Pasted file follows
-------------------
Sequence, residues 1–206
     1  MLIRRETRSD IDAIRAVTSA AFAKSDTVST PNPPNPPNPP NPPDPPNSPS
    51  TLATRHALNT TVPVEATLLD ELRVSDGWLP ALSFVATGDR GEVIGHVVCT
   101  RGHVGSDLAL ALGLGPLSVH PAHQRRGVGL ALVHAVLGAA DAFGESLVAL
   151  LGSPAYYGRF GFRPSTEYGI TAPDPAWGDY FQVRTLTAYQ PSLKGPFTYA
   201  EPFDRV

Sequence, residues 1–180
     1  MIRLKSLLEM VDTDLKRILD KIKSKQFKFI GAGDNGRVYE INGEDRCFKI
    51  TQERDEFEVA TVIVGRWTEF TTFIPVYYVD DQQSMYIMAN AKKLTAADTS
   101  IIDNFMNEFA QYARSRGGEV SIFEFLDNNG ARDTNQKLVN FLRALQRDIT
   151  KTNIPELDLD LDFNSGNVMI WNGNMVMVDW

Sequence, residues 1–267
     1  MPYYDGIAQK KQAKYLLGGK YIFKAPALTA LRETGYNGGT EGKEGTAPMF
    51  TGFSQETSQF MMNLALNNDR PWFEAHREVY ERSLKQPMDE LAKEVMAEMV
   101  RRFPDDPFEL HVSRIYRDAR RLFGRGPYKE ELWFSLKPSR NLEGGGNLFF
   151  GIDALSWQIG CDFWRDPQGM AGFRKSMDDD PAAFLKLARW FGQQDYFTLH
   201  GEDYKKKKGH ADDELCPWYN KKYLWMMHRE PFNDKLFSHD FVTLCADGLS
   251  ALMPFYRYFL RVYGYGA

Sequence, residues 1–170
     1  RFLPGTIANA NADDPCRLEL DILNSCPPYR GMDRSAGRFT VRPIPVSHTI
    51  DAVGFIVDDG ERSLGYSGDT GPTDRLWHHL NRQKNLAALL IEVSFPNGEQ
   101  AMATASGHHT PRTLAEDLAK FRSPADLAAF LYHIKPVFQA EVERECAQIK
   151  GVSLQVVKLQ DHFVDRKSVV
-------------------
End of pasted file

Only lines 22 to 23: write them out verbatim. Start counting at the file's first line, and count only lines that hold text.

   101  AMATASGHHT PRTLAEDLAK FRSPADLAAF LYHIKPVFQA EVERECAQIK
   151  GVSLQVVKLQ DHFVDRKSVV